NOT FOR EV­ERY­ONE

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There was an in­ter­est­ing jux­ta­po­si­tion of ar­ti­cles with Gra­ham Snook’s Roll Play en­dors­ing in-mast furl­ing, im­me­di­ately fol­low­ing Squall Strate­gies (Septem­ber). With close to 40,000 blue­wa­ter miles un­der our boats’ keels, we find that reef­ing (if not dous­ing) our main­sail rarely hap­pens un­der the sunny, flat seas por­trayed in the pic­tures in Snook’s ar­ti­cle. More of­ten, it hap­pens with winds peak­ing and grow­ing seas. With slab reef­ing we have been able to reef in 10ft-plus seas and 20 to 30-plus knot winds, sail­ing down­wind and on both tacks. In con­trast, try­ing to head up­wind on a par­tic­u­lar tack, as is nec­es­sary for in-mast furl­ing, would have been dan­ger­ous if not im­pos­si­ble. We have all hal­yards and reef lines led to the cock­pit, so we can reef un­der all con­di­tions in safety. Bet­ter ad­vice would be to con­sider in-mast furl­ing for those boats that only sail in pro­tected wa­ters or near shore when dan­ger­ous con­di­tions are pos­si­ble, never for blue­wa­ter off­shore sailors. — Paul Horst, Ply­mouth, MI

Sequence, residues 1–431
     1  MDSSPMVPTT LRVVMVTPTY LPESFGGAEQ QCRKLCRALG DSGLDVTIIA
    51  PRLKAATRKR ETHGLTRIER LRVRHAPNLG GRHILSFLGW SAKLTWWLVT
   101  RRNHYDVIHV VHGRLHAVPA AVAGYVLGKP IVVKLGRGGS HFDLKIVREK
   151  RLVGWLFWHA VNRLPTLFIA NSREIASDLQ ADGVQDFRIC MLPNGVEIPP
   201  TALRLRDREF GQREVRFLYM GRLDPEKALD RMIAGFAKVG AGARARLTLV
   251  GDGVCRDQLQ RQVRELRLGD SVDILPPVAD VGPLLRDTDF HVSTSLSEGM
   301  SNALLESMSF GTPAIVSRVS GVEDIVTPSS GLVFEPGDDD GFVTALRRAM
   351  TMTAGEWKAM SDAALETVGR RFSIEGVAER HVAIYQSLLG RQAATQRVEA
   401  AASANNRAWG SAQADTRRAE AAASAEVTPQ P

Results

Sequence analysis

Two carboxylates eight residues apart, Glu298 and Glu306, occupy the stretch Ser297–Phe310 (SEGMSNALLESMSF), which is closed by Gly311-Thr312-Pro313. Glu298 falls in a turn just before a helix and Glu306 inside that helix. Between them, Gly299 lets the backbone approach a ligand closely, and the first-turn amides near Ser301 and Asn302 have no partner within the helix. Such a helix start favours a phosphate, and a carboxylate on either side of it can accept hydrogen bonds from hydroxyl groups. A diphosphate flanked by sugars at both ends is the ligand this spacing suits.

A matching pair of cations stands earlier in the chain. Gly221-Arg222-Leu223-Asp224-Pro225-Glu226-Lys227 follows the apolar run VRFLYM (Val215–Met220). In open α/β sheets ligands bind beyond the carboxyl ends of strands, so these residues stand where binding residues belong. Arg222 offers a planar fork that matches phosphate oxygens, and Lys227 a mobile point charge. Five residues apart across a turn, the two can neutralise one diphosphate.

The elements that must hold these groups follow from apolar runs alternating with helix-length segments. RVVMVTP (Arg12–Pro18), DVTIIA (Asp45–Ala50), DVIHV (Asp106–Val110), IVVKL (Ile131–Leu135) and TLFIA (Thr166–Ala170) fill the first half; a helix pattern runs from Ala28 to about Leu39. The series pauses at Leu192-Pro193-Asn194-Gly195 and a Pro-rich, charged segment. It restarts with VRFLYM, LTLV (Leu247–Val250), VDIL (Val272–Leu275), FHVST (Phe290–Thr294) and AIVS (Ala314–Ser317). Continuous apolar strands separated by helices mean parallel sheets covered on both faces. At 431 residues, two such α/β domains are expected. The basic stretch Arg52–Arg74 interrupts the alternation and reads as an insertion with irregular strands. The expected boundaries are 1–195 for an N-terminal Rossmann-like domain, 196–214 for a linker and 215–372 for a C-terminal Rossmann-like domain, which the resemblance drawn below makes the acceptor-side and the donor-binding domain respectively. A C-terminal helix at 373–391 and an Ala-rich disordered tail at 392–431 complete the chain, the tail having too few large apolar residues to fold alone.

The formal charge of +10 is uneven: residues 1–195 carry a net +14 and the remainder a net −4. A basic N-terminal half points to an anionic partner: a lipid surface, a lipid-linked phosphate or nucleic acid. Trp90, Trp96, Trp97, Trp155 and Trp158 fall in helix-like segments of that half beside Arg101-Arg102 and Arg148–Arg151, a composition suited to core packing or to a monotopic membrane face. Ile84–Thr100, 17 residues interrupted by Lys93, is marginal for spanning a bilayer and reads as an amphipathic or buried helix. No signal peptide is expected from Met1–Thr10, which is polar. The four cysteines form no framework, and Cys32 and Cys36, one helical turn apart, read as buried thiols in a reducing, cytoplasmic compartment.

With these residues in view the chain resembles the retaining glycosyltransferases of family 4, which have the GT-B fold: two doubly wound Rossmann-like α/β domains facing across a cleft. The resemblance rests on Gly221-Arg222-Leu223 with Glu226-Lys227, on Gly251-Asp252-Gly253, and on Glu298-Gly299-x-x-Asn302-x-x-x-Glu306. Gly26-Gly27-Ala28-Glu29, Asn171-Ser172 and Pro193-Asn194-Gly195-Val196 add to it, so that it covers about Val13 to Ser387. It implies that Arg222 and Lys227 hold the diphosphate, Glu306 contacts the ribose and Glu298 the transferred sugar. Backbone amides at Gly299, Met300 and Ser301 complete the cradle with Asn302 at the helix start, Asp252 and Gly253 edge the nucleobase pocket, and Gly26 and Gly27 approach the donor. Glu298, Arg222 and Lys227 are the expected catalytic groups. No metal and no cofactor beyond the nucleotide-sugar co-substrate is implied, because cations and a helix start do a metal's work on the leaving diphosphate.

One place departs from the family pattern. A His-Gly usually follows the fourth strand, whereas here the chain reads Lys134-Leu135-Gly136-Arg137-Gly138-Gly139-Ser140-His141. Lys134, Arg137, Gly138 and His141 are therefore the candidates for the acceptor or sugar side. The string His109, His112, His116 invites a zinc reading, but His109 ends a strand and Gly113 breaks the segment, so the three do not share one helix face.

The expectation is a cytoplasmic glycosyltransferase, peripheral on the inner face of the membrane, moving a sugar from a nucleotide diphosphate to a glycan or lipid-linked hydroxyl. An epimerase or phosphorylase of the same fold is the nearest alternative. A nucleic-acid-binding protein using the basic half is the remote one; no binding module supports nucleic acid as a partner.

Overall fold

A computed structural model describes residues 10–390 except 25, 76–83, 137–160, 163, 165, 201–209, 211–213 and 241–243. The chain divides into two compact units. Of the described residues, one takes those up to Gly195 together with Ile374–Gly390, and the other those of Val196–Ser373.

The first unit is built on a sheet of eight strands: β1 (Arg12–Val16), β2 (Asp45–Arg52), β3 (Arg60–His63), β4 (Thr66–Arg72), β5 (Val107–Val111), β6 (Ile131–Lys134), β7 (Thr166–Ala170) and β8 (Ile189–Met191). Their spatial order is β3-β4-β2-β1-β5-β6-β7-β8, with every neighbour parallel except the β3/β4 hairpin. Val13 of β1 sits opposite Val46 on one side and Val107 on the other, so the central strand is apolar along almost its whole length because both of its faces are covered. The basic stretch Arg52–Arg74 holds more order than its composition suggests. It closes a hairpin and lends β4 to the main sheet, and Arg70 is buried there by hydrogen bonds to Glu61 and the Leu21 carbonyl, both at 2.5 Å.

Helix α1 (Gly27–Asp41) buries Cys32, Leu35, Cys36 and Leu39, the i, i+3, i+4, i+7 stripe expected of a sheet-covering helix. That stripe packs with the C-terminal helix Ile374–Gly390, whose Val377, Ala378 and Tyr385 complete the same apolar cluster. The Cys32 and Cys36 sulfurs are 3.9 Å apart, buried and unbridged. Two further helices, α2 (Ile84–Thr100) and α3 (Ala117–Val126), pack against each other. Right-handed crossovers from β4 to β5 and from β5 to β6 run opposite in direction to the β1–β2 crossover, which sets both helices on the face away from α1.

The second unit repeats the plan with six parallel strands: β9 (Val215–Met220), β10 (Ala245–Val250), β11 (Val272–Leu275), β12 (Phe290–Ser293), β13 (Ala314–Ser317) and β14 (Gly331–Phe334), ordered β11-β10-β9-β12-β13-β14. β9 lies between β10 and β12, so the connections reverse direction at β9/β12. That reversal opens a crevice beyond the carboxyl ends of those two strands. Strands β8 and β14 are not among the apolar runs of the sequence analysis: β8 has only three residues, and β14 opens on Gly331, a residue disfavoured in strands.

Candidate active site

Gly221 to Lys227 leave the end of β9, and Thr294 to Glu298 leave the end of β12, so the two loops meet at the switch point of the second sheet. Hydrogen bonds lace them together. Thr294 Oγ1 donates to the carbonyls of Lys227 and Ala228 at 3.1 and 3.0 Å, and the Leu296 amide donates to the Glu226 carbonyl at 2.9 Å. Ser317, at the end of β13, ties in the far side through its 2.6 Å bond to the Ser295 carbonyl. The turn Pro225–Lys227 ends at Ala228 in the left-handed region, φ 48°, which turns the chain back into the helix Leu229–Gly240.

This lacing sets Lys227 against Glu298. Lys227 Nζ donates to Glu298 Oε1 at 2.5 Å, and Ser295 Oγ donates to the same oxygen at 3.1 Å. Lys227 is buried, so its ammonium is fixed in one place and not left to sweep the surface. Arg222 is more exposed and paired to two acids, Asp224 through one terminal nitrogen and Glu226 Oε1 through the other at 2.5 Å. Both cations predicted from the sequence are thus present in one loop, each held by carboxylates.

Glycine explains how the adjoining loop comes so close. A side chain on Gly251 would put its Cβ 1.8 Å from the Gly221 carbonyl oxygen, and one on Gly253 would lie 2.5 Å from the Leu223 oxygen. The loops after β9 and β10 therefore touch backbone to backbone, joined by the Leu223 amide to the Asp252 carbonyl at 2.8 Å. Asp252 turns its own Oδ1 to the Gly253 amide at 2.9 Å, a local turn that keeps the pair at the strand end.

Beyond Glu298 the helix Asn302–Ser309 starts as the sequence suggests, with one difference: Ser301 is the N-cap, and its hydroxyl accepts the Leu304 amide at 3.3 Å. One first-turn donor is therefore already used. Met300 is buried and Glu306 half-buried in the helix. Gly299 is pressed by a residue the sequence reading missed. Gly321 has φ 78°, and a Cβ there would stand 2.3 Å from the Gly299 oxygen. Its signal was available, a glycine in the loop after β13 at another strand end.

I was some­what amused to read Mr Horst’s opin­ion about where in­mast fit­ted yachts should sail, mainly be­cause there are so many yachts in far-flung cor­ners of the world hav­ing got there us­ing their in-mast sails. Of the 42 yachts sail­ing around the world on the World Cruis­ing Club’s World ARC 2018, 16 boats (38 per­cent) have in-mast furl­ing. On boats over 40ft, close to 100 per­cent of Hall­berg-Rassy buy­ers go for in-mast furl­ing. Mag­nus Rassy says that un­like other sys­tems, it is pos­si­ble to reef sail­ing down­wind, which is an im­por­tant safety fac­tor. They have found it re­li­able and a good so­lu­tion to han­dling a big boat with min­i­mum crew.

Furl­ing sys­tems can cope with ex­treme con­di­tions, and while my ad­vice would help make it eas­ier, it’s nei­ther es­sen­tial nor nec­es­sary to fol­low. I’ve per­son­ally found it pos­si­ble to reef on port tack and off-the-wind; it’s just more work and would have been eas­ier on a star­board tack in the same way it’s eas­ier to reef a slab-reefed yacht with the wind on the beam than it is with the main­sail rest­ing on the shrouds.

As an aside, one of the pho­tos in the ar­ti­cle fea­tured a boat I tested in 30-40 knots true wind speed (and 5 to 8ft seas), taken off Italy in De­cem­ber—far from idyl­lic. — Gra­ham Snook

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